Izzy: What can be expected of your live show when you’re here in Philthy, as we call it?  Anything you’d tell Anti-Flag fans to get them to come out a little bit early?

Jennie: Expect a really fun, positive, life-affirming experience!  So many people have told us this is their first time out since the shutdowns and they’re so glad they came, glad we came, etc.  Doll Skin are a bunch of super rad, super talented, super young people and a great reason to show up early!  People try to say “kids these days” but you really can’t be mad after you see such young people working so hard and just killing it.

Izzy: You have a shit ton of dates next year throughout Europe.  Are there any dates you’re especially excited to play, or just cities you’re especially excited to visit or revisit?

Jennie: We have never been to Spain so everyone is pretty pumped about that.  We love our European TM, Ines — she started a beautiful business during the pandemic, it’s a sustainable merch store called TMom-Merch.  We are really looking forward to seeing her and our beloved driver, Tom, again.  They are two of the best humans on the planet.  We’ll be in the UK with Wonk Unit and those guys are so fun.  We’re just so glad these dates were able to be rescheduled.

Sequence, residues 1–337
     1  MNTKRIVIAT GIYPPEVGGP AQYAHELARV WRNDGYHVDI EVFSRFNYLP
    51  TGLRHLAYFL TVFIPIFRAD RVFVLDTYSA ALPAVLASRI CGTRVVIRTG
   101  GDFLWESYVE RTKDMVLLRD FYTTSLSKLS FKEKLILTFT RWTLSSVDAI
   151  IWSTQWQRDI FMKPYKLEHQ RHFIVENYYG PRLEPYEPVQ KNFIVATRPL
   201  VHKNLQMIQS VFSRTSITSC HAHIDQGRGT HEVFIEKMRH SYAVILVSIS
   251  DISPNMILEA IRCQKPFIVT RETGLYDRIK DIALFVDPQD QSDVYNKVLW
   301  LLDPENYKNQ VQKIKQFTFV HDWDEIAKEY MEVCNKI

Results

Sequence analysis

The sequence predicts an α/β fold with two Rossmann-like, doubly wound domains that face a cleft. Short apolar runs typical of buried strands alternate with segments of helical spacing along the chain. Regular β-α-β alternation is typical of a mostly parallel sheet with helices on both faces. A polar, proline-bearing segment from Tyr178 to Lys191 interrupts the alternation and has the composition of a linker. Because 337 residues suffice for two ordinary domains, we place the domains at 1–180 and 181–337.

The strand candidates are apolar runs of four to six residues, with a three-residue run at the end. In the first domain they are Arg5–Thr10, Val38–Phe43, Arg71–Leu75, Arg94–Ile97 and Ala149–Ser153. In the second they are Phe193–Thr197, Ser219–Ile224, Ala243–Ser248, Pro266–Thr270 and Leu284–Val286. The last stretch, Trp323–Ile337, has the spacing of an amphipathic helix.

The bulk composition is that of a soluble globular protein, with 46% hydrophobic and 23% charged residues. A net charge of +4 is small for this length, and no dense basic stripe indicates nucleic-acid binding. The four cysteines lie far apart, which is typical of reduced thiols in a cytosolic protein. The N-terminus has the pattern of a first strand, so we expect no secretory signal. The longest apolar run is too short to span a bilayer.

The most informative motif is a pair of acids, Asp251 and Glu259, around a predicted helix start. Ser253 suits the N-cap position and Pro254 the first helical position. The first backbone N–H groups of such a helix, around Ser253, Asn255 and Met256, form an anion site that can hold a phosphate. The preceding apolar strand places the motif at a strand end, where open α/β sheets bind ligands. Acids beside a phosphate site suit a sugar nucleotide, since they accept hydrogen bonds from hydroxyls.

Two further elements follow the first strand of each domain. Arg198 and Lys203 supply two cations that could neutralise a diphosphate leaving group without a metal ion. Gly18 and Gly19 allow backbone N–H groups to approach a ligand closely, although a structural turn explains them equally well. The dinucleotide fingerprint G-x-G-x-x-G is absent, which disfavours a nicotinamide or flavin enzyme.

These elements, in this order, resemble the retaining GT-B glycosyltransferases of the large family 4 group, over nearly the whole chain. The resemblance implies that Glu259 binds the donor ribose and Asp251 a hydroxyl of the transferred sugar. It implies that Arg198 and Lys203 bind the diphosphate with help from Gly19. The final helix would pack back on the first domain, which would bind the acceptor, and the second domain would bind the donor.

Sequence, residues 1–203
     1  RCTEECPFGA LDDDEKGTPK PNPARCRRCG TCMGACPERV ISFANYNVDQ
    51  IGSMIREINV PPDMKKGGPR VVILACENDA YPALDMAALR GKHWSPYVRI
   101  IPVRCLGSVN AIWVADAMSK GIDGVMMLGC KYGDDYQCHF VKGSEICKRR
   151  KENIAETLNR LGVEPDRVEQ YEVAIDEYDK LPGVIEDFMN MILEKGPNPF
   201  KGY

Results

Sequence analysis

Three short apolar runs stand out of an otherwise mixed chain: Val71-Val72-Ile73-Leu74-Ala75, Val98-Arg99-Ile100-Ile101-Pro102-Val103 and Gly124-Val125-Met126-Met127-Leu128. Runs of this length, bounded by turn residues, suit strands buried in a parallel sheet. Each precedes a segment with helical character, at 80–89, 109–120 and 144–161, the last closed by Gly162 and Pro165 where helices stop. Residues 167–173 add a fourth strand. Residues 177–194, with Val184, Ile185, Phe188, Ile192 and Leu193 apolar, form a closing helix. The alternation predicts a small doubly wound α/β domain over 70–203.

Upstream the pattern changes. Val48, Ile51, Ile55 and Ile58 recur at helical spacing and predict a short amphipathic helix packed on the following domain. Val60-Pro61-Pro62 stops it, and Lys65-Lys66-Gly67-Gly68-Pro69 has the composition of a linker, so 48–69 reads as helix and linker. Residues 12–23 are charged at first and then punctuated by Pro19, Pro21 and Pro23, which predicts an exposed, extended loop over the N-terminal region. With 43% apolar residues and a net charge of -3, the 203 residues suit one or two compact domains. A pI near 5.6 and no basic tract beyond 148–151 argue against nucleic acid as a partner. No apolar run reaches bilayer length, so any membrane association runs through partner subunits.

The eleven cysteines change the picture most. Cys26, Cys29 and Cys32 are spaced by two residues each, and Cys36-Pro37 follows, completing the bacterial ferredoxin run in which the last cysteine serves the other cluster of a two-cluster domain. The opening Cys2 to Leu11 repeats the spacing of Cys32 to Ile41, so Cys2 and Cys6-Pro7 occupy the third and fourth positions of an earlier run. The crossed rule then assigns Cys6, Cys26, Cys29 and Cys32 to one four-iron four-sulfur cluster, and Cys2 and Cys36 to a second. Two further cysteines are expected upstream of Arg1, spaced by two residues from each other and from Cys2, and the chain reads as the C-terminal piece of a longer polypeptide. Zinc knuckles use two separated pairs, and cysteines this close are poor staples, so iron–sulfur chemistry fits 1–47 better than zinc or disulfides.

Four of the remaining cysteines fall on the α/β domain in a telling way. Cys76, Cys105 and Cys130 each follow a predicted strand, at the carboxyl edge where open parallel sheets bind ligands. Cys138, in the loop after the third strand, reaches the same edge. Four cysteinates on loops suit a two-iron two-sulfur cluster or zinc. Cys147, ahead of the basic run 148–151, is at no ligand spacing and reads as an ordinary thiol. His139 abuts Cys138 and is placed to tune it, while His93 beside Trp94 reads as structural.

Izzy: Finally, in addition to all of your European dates, what can fans expect from the band in the near future?  Despite not being able to tour until recently, The Ride has been out for a while now.  Any new music or videos or stuff in the works?

Jennie: We are writing!  Of course, haha.

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During the day Izzy Cihak teaches transgression, subversion, and revolution at Temple University. At night he haunts Philthy's best venues to cover worthwhile acts for Philthy Mag. Morrissey is everything to him and, in their own heads, all of his friends see themselves as Zooey Deschanel.